John Tsang Chun-Wah
John Tsang Chun-wah has served as Hong Kong’s financial secretary since appointed to the position by former chief executive Donald Tsang Yam-kuen in 2007. He was secretary for commerce, industry and technology between 2003 and 2006. He chaired the World Trade Organisation Ministerial Conference in Hong Kong in December 2005.
Finance chief agrees to bid to end Legco logjam
Joshua But and Tony Cheung
Financial Secretary John Tsang Chun-wah will meet four lawmakers this week to convince them to stop a week-long filibuster that has blocked the passage of the budget bill.
But the government would not yield to any of the four legislators' demands, which include a universal HK$10,000 cash handout and a consultation for a universal pension scheme, an administration source said.
The annual appropriations bill has been stalled for more than a week in a Legislative Council filibuster after the League of Social Democrats' "Long Hair" Leung Kwok-hung and three People Power lawmakers raised more than 700 amendments.
Legco president Jasper Tsang Yok-sing compressed the amendments into 147 debates, but only four of those debates had been completed after six days of meetings.
Last Saturday, the four lawmakers requested a meeting with John Tsang, who confirmed last night that the meeting would be held this week.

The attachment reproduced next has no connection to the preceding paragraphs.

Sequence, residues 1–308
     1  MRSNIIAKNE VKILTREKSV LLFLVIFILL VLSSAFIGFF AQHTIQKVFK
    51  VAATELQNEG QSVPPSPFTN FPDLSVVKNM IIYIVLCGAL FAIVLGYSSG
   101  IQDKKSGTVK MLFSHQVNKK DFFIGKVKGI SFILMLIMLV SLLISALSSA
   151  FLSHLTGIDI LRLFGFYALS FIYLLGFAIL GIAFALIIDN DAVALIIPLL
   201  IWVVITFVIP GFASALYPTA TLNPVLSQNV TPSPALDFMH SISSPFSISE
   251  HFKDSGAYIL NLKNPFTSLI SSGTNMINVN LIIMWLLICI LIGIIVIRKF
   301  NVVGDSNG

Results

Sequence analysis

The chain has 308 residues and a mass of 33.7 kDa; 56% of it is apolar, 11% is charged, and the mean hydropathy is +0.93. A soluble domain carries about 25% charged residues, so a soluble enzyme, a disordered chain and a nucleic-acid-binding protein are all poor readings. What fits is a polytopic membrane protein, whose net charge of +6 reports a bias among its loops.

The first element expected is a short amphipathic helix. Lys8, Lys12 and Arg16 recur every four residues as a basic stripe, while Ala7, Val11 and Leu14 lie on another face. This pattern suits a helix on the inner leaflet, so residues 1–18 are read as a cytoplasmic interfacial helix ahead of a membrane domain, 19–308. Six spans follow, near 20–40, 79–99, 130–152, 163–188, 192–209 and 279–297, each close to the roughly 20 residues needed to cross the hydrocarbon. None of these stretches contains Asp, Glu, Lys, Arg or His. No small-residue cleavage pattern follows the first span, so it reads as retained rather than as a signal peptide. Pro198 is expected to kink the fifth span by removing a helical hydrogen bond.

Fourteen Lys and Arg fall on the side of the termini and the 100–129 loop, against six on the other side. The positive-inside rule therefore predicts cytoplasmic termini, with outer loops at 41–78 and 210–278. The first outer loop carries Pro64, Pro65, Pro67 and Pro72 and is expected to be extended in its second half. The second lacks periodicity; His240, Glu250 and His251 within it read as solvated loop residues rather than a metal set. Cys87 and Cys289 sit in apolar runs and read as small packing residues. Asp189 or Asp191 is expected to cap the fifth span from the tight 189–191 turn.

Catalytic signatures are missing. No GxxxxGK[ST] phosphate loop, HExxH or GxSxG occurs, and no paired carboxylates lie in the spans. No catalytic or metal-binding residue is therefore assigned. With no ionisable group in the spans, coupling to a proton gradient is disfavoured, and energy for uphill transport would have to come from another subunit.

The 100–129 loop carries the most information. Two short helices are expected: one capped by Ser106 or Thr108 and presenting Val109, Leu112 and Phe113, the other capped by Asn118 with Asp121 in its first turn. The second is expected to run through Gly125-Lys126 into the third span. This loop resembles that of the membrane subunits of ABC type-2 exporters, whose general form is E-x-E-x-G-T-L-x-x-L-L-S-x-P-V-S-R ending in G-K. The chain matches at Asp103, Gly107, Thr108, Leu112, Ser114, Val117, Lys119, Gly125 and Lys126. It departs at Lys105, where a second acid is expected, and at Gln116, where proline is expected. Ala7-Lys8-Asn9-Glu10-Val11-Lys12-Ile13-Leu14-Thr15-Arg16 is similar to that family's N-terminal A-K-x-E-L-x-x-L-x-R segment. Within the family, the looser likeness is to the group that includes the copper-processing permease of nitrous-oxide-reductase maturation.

"We are willing to hear the government's difficulties and we are open to options," said People Power lawmaker Albert Chan Wai-yip. "We could stop the filibustering bid if he accepts any one of our two demands."
But a government source said it had been made clear to the lawmakers that the government would not make any concessions.
"We only want to do our utmost to convince them that the filibustering must stop," the source said.
If this week's meeting fails to bring a breakthrough, the stalemate could pave the way for Legco's president to exercise his power to halt the debate.
He consulted the lawmakers on the issue last Friday, but no decision has yet been made.
The source said some government initiatives would probably be affected by the filibuster, because the budget bill was unlikely to be passed by May 15.
"[The] electricity subsidy is most likely to be delayed. Extra allowances to recipients of the Comprehensive Social Security Assistance scheme might also be affected," the source said.